Reuters blog archive
from Photographers Blog:
By Yuriko Nakao
Seaweed grower Takaaki Watanabe took to the sea in his boat before the massive tsunami roared into the northeastern Japanese town of Minamisanriku, becoming one of a lucky few to save the vessel essential for their livelihood.
But back on shore the raging waters of March 11 swept away his wife, his mother and his house, built on land in his family for 13 generations, though his three teenaged daughters managed to survive.
“At that time, I wasn’t sure whether I could actually resume the cultivation (farming seaweed, scallops and oysters). I had no way of knowing my future,” he said recently.
Now, nearly a year later, the 48-year-old Watanabe has lost 5 kg and four teeth, but is starting to see tentative signs of rebirth as the result of his hard work since the massive wave touched off by the 9.0 magnitude offshore earthquake destroyed a vast swathe of his town, one of the hardest hit.
from Russell Boyce:
Japan - after four days of editing pictures from the earthquake and tsunami in Japan I took an hour break to buy some food and get some money in a small shopping centre near the office. As I walked through the busy street, the thought that stuck me was that everything around me is so temporary. The people along the coast of the Miyagi Prefecture were probably going about their daily business, just like I was, when the wall of water swept through their towns wiping their very existence off the face of the earth. Reports of a nuclear cloud heading towards Tokyo where 13 million people live, added to my sense of fear. In my mind, the world had changed forever. I cannot begin to imagine what the people in Miyagi, the rescue workers and the photographers taking the picture are feeling. From our team of photographers covering the story, I have chosen three pictures from each photographer, not an easy task when there are so many great images. Respect to all the teams covering the story and my condolences to the people of Japan. I will let the pictures speak for themselves.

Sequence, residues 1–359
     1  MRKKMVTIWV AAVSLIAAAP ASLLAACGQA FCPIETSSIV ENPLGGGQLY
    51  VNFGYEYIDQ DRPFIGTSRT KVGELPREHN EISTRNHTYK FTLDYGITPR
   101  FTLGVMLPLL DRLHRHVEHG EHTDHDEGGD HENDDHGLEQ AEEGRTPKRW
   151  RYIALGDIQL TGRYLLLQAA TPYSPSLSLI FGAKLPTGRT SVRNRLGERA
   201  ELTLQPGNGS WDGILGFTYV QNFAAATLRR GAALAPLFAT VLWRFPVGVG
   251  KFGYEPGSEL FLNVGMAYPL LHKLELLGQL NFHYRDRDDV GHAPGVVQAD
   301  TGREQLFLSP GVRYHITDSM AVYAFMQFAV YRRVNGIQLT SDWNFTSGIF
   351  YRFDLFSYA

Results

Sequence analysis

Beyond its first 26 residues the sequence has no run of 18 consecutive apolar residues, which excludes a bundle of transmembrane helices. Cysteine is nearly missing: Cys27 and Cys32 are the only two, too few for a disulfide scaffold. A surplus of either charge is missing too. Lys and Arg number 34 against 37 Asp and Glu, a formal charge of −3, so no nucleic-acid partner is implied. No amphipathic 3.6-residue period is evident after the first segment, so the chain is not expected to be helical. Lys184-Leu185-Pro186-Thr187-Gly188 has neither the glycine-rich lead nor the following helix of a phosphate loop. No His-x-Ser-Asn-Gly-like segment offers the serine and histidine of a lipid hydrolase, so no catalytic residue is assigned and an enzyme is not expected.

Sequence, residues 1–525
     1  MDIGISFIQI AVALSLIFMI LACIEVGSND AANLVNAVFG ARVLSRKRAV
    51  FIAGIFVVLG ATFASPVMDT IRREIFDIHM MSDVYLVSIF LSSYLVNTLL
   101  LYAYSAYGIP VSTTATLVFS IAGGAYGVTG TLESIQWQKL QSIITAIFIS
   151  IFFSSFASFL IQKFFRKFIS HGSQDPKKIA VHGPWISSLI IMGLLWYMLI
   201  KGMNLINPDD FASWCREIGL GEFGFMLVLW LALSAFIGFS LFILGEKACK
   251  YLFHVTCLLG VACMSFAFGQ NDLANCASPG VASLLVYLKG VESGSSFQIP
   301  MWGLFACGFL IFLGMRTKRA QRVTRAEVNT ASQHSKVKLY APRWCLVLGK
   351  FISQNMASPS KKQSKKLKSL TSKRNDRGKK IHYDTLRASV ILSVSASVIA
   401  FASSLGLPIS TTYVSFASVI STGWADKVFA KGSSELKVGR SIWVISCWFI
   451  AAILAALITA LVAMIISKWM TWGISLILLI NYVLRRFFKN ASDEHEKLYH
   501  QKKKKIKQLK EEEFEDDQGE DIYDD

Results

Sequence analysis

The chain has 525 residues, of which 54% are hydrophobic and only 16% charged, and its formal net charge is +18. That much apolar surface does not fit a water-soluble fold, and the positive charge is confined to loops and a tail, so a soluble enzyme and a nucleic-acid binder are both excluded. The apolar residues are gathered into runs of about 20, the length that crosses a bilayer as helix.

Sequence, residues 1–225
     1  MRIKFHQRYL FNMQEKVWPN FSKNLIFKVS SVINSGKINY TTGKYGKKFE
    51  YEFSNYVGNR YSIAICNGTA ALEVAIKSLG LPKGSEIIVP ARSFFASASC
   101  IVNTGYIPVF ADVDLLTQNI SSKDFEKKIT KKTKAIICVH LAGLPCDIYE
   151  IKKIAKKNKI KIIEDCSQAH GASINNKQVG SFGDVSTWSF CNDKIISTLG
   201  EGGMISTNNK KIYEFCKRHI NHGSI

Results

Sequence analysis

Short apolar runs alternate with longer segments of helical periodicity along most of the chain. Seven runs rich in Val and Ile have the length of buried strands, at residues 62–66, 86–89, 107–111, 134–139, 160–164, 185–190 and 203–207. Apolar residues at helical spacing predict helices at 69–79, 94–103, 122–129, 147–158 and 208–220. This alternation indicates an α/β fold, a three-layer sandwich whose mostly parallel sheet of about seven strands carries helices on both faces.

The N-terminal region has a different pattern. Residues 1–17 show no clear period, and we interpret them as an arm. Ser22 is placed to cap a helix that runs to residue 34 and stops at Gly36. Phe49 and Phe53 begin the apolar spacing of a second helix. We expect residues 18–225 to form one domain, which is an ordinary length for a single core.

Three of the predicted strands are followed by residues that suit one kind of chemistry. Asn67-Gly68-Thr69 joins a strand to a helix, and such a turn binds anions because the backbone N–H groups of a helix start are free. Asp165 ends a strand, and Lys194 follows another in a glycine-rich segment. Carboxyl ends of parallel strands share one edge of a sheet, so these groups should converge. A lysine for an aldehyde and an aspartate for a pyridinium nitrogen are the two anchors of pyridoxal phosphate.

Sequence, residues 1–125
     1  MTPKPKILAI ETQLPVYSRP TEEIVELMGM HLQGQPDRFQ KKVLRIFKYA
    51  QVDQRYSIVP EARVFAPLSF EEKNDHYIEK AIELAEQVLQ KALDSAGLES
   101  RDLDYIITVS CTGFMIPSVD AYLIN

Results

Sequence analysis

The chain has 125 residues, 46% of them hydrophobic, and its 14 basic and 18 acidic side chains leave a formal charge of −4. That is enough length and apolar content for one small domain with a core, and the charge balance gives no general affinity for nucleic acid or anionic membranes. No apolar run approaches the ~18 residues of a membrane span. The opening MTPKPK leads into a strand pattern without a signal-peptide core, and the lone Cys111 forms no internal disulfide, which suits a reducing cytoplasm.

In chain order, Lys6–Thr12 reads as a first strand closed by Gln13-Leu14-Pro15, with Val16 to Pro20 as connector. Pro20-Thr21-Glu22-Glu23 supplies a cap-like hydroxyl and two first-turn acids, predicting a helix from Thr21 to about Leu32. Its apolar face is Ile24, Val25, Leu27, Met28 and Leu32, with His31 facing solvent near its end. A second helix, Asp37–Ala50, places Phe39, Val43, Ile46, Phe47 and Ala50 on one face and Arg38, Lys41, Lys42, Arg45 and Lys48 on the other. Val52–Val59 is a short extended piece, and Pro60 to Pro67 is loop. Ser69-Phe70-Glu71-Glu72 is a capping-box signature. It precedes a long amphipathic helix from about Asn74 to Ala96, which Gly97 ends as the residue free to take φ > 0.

A survivor pushes his bicycle through remains of devastated town of Otsuchi March 14, 2011. In the town of Otsuchi in Iwate prefecture, 12,000 out of a population of 15,000 have disappeared following Friday's massive earthquake and tsunami. REUTERS/Damir Sagolj